While I doubt 9/11 will serve the same kind of touchstone for Americans as the Holocaust does for Jews, I do think some films will continue to be made on the subject, though since the incident was crystallized into one day, indeed, one morning, over a few hour period, leaving no survivors in the flights themselves, there may be less to talk about as time passes.
Finally, I want to make an odd point, and that's about technology. Ten years ago, the passengers may have been less able to accomplish what they accomplished. Information could be sent from people on the ground letting passengers know that other planes had hit, and messages could be relayed back, as people said their final words. This information may have served to cause passengers, who might otherwise believe they were merely being hijacked, to stay put.
And, think of this. It used to be quite common for planes to get hijacked. Throughout the 70s, planes were routinely being hijacked from the U.S., often to Cuba. It got to the point where the Swiss embassy had documents that the U.S. could fill out to serve as intermediaries for Cuba, and the Cubans would serve sandwiches to the hijackees and charge the state department. Airlines lived with this since they felt it was too inconvenient to passengers to beef up security.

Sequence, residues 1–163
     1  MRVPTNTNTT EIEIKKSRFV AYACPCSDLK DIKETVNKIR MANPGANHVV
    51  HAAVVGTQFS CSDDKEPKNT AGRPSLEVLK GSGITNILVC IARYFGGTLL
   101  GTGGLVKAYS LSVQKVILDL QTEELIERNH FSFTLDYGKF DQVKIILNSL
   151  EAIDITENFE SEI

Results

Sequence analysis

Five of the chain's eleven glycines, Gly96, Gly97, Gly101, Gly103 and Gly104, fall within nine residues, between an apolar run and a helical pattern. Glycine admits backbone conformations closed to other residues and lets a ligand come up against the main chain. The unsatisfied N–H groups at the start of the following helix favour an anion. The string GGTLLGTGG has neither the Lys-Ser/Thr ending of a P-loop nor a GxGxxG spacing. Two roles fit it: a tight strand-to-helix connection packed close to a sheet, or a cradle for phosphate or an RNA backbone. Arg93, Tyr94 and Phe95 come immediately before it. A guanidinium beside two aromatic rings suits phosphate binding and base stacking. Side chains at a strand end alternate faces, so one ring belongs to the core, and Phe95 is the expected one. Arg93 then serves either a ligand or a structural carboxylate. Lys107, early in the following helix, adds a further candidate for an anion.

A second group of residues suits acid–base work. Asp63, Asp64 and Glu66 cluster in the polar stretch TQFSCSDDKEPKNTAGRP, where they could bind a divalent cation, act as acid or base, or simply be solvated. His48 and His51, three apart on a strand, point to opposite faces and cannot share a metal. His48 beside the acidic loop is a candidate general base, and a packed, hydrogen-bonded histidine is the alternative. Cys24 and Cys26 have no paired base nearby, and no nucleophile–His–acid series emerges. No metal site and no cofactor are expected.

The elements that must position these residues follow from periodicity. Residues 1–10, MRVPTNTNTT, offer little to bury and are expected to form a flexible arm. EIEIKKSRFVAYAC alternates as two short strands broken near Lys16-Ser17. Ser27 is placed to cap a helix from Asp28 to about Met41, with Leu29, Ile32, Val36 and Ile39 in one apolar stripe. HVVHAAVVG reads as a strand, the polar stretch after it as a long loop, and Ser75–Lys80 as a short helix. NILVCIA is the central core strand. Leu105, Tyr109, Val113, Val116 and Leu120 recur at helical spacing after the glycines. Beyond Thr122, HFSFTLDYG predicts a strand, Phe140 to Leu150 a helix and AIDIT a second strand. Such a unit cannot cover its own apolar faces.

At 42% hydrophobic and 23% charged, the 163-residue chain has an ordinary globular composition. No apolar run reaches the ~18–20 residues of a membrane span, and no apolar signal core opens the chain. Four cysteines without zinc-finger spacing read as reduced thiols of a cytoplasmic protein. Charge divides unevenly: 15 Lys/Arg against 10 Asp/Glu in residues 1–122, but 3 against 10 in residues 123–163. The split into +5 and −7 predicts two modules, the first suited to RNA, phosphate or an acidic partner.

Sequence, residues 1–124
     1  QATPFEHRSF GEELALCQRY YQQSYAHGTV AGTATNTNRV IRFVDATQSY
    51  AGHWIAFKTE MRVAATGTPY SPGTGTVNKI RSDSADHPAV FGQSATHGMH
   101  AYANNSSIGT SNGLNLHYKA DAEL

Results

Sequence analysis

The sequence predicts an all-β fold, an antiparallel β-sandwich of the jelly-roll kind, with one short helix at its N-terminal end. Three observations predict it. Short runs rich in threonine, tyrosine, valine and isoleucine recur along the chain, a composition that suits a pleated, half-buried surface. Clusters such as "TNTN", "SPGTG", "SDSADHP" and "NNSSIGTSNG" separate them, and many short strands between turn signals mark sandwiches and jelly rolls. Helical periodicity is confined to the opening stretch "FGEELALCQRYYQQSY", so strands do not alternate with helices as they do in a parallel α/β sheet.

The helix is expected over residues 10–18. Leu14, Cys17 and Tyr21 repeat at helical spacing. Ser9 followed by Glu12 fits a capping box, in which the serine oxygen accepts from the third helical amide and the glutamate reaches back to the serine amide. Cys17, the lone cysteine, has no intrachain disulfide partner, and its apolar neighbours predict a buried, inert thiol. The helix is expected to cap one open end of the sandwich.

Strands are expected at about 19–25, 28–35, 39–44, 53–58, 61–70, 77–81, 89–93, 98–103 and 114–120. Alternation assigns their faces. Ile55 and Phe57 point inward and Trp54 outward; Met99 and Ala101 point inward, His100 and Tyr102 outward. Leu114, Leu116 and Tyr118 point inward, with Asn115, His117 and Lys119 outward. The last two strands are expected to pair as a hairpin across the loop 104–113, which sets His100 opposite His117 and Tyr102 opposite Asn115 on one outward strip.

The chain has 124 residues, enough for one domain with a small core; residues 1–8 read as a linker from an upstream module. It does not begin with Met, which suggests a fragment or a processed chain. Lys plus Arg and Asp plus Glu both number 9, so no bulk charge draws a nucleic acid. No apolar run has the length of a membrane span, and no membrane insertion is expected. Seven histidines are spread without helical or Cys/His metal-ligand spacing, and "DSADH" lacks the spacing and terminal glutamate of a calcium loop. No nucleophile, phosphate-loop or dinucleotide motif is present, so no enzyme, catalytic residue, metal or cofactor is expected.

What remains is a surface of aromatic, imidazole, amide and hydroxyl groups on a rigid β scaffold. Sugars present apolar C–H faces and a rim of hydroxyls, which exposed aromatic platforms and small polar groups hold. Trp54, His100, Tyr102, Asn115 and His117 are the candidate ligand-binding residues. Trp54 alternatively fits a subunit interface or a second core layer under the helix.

It wasn't until November 10, 1972, when a flight circled near the Oak Ridge National Lab and threatened to run the plane into it, until they finally flew to Cuba where the hijacker was arrested, that Nixon eventually decided security in airports had to be increased.
By the 1980s, you just didn't hear of things like this happening in the United States anymore. Somehow, we had avoided this problem for twenty years more.
Perhaps we can avoid it for twenty more.